Impact of highly active antiretroviral therapy on anemia and relationship between anemia and survival in a large cohort of HIV-infected women: Women's interagency HIV study

Kiros Berhane, Roksana Karim, Mardge H. Cohen, Lena Masri-Lavine, Mary Young, Kathryn Anastos, Michael Augenbraun, D. Heather Watts, Alexandra M. Levine

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88 Scopus citations

Abstract

Background: Anemia is common in HIV-infected individuals and may be associated with decreased survival. Objective: To ascertain the impact of highly active antiretroviral therapy (HAART) on anemia and the relationship between anemia and overall survival in HIV-infected women. Methods: A prospective multicenter study of HIV-1 infection in women. Visits occurred every 6 months, including a standardized history, physical examination, and comprehensive laboratory evaluation. The setting was a university-affiliated clinic at 6 sites in the United States. Participants were 2056 HIV-infected women from the Women's Interagency HIV Study (WIHS). The outcome measure was anemia, defined as hemoglobin (Hb) <12 g/dL. Survival analysis was based on overall mortality during the follow-up period. Results: Among HIV-infected women who were not anemic at baseline, 47% became anemic by 3.5 years of follow-up. On multivariate analysis, the use of HAART was associated with resolution of anemia even when used for only 6 months (odds ratio [OR] = 1.45; P < 0.05). In the multivariate model, a CD4 cell count <200 cells/μL (OR = 0.56; P < 0.001); HIV-1 RNA level ≥50,000 copies/mL (OR = 0.65; P < 0.001), and mean corpuscular volume (MCV) value <80 fL (OR = 0.40; P < 0.001) were also associated with an inability to correct anemia. Similarly, use of HAART for 12 months or more was associated with a protective effect against development of anemia (OR = 0.71; P < 0.001). Among HIV-infected women, anemia was independently associated with decreased survival (hazard ratio [HR] = 2.58; P < 0.001). Other factors associated with decreased survival included a CD4 cell count <200 cells/μL (HR = 5.83; P < 0.001), HIV-1 RNA level ≥50,000 copies/mL (HR = 2.12; P < 0.001), and clinical diagnosis of AIDS (HR = 2.83; P < 0.001). Conclusions: Anemia is an independent risk factor for decreased survival among HIV-infected women. HAART therapy for as little as 6 months is associated with resolution of anemia.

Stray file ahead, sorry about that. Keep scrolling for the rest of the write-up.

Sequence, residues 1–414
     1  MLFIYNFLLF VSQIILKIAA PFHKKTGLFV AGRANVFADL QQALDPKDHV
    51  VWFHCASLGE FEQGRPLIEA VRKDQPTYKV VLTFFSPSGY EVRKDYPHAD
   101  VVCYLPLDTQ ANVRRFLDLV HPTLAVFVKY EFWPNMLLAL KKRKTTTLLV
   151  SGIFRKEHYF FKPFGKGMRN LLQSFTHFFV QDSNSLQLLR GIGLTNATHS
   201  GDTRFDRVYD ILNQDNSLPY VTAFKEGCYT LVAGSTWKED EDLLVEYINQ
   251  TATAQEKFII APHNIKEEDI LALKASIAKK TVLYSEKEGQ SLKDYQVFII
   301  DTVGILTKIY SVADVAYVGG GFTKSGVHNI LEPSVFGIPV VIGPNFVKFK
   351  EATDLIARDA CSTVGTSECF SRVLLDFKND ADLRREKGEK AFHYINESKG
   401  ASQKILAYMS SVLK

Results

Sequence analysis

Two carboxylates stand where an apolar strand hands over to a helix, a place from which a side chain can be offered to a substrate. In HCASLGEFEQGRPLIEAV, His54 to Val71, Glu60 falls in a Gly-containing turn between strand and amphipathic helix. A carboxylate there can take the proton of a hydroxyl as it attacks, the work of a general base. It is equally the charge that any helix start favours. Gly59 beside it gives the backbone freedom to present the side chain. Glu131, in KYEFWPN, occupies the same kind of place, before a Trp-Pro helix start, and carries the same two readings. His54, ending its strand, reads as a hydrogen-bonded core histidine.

Original languageEnglish (US)
Pages (from-to)1245-1252
Number of pages8
JournalJournal of Acquired Immune Deficiency Syndromes
Volume37
Issue number2
DOIs
StatePublished - Oct 1 2004

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Keywords

  • AIDS
  • Anemia
  • HIV
  • Survival
  • Women

ASJC Scopus subject areas

  • Infectious Diseases
  • Pharmacology (medical)

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